You can renounce your US citizenship by going to the consulate, filing a form of renunciation

Here is what the relevant law says:

 

"Sec. 349. [8 U.S.C. 1481]

(a) A person who is a national of the United States whether by birth or naturalization, shall lose his nationality by voluntarily performing any of the following acts with the intention of relinquishing United States nationality-

(1) obtaining naturalization in a foreign state upon his own application or upon an application filed by a duly authorized agent, after having attained the age of eighteen years; or

(2) taking an oath or making an affirmation or other formal declaration of allegiance to a foreign state or a political subdivision thereof, after having attained the age of eighteen years; or

(3) entering, or serving in, the armed forces of a foreign state if

(A) such armed forces are engaged in hostilities against the United States, or

(B) such persons serve as a commissioned or non-commissioned officer; or

(4) (A) accepting, serving in, or performing the duties of any office, post, or employment under the government of a foreign state or a political subdivision thereof, after attaining the age of eighteen years if he has or acquires the nationality of such foreign state; or

(B) accepting, serving in, or performing the duties of any office, post, or employment under the government of a foreign state or a political subdivision thereof, after attaining the age of eighteen years for which office, post, or employment an oath, affirmation, or declaration of allegiance is required; or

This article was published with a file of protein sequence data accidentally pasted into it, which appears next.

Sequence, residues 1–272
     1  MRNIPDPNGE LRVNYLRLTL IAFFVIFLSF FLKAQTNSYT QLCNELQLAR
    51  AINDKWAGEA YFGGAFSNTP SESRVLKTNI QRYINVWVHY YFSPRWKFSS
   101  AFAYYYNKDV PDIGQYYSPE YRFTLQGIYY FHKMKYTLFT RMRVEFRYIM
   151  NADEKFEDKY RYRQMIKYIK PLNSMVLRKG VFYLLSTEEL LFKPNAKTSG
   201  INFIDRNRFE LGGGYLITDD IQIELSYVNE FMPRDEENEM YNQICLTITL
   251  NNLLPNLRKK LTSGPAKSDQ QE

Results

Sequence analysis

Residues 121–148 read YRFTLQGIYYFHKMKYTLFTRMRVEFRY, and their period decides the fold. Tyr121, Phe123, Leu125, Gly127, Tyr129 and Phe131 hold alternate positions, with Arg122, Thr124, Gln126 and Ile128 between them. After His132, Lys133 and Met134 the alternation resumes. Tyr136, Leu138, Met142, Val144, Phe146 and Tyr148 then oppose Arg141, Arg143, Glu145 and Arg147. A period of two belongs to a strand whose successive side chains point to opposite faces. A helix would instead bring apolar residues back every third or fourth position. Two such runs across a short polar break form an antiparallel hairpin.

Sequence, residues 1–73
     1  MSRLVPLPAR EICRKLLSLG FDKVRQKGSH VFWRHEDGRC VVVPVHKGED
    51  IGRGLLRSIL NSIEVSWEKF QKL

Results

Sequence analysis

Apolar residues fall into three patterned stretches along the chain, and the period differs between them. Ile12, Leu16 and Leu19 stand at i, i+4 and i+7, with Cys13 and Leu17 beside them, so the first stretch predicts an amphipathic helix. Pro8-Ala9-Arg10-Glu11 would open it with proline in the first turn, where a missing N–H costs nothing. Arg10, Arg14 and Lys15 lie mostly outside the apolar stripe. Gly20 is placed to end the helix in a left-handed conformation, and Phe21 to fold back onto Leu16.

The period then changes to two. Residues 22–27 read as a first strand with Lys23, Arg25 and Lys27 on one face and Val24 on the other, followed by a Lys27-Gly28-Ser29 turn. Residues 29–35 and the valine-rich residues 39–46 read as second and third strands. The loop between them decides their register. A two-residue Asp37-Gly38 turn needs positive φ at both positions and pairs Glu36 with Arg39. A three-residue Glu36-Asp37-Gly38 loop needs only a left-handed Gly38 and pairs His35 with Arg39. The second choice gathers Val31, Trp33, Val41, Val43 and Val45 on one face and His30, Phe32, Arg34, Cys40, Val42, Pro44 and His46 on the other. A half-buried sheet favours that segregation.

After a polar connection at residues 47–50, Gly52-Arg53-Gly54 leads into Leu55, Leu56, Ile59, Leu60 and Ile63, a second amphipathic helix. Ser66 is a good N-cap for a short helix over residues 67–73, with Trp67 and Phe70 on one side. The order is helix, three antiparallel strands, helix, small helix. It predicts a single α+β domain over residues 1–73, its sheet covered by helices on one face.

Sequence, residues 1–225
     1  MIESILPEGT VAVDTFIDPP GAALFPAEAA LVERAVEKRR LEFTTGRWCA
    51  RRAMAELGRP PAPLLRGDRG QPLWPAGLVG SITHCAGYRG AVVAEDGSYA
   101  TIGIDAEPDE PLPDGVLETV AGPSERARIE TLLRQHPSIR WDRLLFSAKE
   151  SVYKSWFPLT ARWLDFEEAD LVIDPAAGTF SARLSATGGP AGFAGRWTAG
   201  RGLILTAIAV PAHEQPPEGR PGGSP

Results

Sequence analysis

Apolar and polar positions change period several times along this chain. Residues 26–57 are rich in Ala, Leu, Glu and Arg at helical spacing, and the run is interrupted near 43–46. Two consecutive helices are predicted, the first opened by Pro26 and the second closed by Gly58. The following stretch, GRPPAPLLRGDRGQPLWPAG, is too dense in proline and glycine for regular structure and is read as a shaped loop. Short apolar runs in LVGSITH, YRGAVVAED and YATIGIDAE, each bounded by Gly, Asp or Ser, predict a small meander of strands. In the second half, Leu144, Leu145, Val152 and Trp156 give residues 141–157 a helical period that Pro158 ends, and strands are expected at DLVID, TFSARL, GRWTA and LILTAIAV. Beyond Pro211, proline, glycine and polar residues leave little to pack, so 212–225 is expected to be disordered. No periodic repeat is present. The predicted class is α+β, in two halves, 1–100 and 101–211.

(5) making a formal renunciation of nationality before a diplomatic or consular officer of the United States in a foreign state, in such form as may be prescribed by the Secretary of State"

To Relinquish, You Have to Intend to Relinquish

 

Notice that the first part of the law requires that you have the intention to give up your US citizenship. If you have that intent and then you do something such as taking citizenship in another country, bingo!

Now, the US and many other countries allow dual citizenship. So how do you avoid unintentionally giving up your US citizenship when you become a citizen of say, the UK or Greece or some other country?

Firstly, the State Department "presumes" that you want to retain your US citizenship even if you become a dual citizen. The State Department presumes that "U.S. nationals intend to retain United States nationality when they obtain naturalization in a foreign state, declare their allegiance to a foreign state, serve in the armed forces of a foreign state not engaged in hostilities with the United States, or accept non-policy level employment with a foreign government."

When you next apply for a passport, the consulate will simply ask you whether it was your intent to give up your US citizenship, and if you answer "no", the State Department will certify in its database that you have retained US citizenship.

Note that it is a State Department presumption that keeps you from unintentionally losing your citizenship when you become a dual citizen. To ensure that you do not lose your citizenship, you should consider stating in the affirmative that you intend to keep your US citizenship, in a sworn statement at the time you become a dual citizen. You should make sure the consulate has received this statement. You should send it on a way that requires signature tracking upon receipt.